Meanwhile, set up a trap to catch the faster ones that outsmart your vacuum. You can buy them at the store or online. Or make your own fruit fly trap (see photo above):

Pour an inch of apple cider vinegar into the bottom of a jar. Add one drop dishwashing liquid. Place a funnel into the jar or make one using a sheet of paper. Tape the funnel in place. Fruit flies will check in, but they won’t check out. They have difficulty flying straight up. Soon enough, they will fall into the vinegar. The soap breaks the surface tension, and they will drown. Leave this near the source of the flies until the problem goes away (at least 2 weeks). You can replace the liquid if it gets dirty. Tip: don’t place it directly in the worm bin. This actually works – see photos at the bottom of this article.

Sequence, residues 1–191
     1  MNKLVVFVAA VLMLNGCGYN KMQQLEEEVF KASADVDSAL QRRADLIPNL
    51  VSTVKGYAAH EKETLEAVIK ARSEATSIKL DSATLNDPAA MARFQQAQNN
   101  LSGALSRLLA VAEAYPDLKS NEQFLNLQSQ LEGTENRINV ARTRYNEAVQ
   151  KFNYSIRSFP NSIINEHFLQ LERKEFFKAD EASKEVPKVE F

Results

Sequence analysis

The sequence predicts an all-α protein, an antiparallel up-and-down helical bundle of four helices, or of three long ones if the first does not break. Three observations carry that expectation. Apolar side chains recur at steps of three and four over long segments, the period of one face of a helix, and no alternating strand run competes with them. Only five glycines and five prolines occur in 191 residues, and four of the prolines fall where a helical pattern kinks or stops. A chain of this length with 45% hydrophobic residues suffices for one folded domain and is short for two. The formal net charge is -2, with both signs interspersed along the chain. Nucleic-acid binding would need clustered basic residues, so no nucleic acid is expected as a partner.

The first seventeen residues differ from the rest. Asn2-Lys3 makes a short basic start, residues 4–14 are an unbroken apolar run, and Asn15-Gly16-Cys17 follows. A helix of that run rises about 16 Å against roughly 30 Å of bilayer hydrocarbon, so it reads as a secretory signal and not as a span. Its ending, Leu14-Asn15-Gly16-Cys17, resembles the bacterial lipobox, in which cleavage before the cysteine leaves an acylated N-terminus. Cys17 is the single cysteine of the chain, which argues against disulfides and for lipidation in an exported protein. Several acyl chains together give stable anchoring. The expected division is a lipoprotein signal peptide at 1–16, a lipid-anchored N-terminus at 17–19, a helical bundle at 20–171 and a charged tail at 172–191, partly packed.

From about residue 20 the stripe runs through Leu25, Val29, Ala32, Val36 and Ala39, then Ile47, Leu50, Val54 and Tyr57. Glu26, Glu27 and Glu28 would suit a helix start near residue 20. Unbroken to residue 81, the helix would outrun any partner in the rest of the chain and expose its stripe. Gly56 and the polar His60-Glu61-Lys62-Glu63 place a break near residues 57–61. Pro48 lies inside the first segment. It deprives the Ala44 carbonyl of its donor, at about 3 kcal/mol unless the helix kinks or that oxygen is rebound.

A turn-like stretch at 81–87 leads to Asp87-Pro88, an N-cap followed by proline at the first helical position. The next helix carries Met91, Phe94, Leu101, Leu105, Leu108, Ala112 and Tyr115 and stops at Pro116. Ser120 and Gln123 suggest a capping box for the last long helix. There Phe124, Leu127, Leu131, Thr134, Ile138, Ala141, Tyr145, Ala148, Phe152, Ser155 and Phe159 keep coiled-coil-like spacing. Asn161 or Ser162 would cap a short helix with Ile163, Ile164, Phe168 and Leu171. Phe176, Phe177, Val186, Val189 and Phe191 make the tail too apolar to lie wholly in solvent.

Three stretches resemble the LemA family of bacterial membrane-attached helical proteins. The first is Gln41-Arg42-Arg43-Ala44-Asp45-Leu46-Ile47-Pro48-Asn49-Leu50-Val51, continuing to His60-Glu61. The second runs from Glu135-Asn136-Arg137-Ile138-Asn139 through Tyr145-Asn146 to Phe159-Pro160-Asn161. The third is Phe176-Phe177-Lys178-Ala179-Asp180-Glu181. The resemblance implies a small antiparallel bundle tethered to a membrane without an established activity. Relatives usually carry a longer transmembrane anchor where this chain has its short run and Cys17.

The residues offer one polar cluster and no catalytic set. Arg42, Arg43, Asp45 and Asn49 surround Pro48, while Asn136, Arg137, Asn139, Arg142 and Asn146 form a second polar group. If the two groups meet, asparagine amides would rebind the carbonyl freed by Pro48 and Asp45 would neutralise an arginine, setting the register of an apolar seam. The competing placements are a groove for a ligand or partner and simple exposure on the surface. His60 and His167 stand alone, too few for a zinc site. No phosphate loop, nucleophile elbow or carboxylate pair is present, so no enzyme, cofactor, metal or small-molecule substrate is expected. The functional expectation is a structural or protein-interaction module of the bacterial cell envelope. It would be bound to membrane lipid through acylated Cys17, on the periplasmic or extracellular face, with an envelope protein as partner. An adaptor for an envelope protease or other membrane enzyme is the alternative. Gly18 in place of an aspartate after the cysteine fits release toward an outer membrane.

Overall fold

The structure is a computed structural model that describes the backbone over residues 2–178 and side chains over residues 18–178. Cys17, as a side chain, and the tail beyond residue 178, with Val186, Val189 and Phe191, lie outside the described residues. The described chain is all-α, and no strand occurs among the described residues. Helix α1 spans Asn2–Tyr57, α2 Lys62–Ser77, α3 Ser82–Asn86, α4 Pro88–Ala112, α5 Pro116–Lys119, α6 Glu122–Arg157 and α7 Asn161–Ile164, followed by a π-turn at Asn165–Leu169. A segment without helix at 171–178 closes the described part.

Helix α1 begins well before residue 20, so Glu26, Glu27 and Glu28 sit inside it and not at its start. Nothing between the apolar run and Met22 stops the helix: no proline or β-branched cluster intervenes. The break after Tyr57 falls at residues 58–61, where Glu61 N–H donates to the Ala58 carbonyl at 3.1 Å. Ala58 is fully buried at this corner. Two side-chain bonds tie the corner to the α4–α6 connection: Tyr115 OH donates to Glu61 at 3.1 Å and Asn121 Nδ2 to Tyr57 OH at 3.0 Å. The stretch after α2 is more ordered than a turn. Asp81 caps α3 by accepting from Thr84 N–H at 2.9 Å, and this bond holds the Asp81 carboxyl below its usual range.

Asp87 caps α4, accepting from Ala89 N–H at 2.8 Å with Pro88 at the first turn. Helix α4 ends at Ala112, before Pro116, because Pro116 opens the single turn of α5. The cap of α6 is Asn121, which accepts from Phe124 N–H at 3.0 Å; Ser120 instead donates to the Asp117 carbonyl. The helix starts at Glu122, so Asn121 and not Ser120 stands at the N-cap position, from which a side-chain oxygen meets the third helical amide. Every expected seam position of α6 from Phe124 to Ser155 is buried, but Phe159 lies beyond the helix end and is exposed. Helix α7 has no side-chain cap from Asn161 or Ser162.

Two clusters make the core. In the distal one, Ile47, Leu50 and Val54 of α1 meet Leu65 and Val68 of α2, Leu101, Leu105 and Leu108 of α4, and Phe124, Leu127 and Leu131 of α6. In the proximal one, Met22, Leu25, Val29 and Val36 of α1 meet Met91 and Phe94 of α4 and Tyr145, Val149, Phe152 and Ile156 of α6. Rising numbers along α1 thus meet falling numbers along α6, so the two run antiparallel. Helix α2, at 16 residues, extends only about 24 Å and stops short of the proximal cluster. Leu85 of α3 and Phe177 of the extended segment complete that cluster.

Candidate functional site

Take Away Their Food

Now that the vacuum and traps are in place, get to the root of the problem by taking away their food. Fruit flies are attracted to a yeast that results from the initial decomposition of plant material. They eat fruits and vegetables and lay their eggs in them.

If you have any fresh or scrap produce on countertops, simply cover them or put them in the refrigerator. Make sure any fruit flies are brushed away or vacuumed first. In the refrigerator, you might need to store them in air-tight containers if they are already contaminated. Kitchen scraps for composting can be frozen.

In your indoor vermicomposting bin:

  • Remove any large scraps that are tough to break down.